Charles Beers Interviews His Hero
Charles Beers has probably been in and out of Book Revue many times but he will always remember one particular visit to the Huntington village store. That's because the Huntington High School freshman had an opportunity to interview former New York Yankees great Bernie Williams for Newsday's Kidsday.
The interview took place over the summer, but Mr. Beers is still on a proverbial high. You see, Mr. Williams is the teenager's hero. The retired Yankees star is 43 years old now and hasn't played since the close of the 2006 season. But, the mere mention of his name is like music to the ears of his fans.
The Huntington freshman is on the staff of The Dispatch, the high school student newspaper, is a member of the Key club and has participated in Mathletes. He's also vice-president of the Class of 2015. "He's such a responsible person," Class of 2015 faculty advisor Patricia Dillon said about Mr. Beers. "He is so conscientious and seems to enjoy participating in the many opportunities offered at the high school."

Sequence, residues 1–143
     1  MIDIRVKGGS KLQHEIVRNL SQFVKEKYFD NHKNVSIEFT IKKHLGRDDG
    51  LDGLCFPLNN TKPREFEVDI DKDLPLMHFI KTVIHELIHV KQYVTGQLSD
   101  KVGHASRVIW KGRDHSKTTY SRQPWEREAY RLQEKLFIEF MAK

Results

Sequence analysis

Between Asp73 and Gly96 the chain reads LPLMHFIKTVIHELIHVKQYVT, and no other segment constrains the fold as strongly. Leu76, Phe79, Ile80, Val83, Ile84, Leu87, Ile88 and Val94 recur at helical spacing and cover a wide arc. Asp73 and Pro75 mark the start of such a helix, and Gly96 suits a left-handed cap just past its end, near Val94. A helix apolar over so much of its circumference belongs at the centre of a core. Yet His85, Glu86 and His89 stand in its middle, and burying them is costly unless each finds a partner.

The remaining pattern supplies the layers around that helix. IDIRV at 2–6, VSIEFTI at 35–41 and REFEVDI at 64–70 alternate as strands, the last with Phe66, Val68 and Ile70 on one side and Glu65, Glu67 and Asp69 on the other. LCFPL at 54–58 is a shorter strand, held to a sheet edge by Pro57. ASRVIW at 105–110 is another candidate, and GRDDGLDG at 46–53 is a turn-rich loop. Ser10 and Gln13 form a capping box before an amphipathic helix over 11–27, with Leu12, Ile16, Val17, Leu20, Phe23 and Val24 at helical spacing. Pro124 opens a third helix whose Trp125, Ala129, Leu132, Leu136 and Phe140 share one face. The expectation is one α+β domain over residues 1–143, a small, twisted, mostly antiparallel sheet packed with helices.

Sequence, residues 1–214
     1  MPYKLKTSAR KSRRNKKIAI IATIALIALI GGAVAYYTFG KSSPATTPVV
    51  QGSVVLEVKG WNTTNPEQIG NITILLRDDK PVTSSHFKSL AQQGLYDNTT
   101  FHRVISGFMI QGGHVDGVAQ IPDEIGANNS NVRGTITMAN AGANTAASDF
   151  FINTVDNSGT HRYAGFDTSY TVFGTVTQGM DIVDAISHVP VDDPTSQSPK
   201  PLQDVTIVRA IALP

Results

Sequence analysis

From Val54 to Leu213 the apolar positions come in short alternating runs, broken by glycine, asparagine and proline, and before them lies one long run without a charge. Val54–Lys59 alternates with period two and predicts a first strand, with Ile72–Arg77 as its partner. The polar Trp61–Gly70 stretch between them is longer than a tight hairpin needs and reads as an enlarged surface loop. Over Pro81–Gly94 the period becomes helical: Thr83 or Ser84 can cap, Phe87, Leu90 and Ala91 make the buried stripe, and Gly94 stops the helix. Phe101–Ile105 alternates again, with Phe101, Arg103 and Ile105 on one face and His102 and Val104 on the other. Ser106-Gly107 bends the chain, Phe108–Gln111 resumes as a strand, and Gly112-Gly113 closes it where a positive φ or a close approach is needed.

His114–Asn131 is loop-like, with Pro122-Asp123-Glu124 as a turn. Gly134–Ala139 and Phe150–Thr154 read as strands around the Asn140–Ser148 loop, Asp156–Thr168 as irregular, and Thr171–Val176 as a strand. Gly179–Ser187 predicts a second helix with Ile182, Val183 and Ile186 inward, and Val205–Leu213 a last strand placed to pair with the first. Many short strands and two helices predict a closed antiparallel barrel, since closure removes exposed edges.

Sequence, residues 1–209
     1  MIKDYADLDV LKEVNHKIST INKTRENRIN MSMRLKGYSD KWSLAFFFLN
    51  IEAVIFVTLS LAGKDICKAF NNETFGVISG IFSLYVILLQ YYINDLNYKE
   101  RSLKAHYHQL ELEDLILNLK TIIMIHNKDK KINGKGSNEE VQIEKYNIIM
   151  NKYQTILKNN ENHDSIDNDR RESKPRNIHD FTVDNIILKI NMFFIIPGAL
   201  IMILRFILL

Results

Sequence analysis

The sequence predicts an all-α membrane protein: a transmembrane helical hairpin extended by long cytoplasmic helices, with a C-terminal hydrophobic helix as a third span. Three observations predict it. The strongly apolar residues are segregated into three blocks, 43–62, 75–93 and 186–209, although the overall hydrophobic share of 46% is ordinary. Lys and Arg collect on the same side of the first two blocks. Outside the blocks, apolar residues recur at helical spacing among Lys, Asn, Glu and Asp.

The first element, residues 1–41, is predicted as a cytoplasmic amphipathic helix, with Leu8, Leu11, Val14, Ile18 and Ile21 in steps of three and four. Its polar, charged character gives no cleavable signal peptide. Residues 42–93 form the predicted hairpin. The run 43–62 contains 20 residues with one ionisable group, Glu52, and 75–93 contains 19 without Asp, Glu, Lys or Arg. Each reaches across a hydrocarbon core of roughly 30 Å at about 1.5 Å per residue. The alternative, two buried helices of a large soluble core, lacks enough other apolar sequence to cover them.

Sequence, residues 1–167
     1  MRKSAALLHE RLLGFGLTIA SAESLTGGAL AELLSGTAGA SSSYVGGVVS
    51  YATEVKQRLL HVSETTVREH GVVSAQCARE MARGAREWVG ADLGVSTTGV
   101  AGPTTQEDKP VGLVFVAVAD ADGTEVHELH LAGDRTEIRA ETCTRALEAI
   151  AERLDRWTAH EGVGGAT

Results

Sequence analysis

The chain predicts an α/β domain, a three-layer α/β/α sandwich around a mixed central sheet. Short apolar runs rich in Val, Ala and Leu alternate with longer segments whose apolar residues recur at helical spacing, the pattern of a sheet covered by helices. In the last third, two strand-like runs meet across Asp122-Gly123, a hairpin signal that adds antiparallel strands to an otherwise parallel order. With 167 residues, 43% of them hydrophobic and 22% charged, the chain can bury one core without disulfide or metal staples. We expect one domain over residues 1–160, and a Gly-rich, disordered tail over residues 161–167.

Mr. Beers has been writing on- and-off for Newsday's Kidsday for about a year. "His first published article was last fall when he went with the editor to a New York Jets game and wrote about the pre-game activities for the kids at the new Meadowlands stadium," said Susan Beers, the teenager's mother. Mr. Beers has also interviewed Tim Green, an NFL player and novelist.
"When Charles noticed that former NY Yankee Bernie Williams was going to be signing books at the Book Revue in Huntington, he contacted the Kidsday rep and asked him to find out about an interview," Mrs. Beers said. Once Mr. Williams had agreed to the session with the teenager, Mr. Beers went about reading the Yankee player's new book, Rhythms of the Game and formulated questions about the book and baseball.
Mr. Williams signed more than 1,200 books at Book Revue and some fans waited in line for hours. Mr. Beers interviewed some of those folks on the line and then bided his time until the end of the signing session when he was ushered to a seat next the five-time All Star for a little Q and A.
In the book, which Mr. Williams co-authored with Dave Gluck and Bob Thompson, the 16-season Yankees veteran discussed his playing career and his love for music, his new full-time pursuit. Mr. Williams, who has earned strong reviews as a guitarist, stressed that practice is the key to success in both baseball and music.
Mr. Beers turned the interview into an article that was printed in Newsday. A video of the session was also posted on Newsday's website. "He was really excited about meeting Bernie," Mrs. Beers said.
Mr. Williams came to the plate 9,073 times during 2,076 regular season games. He batted .297 with 2,336 hits, 449 doubles, 55 triples and 287 homeruns. He played on five World Series championship teams.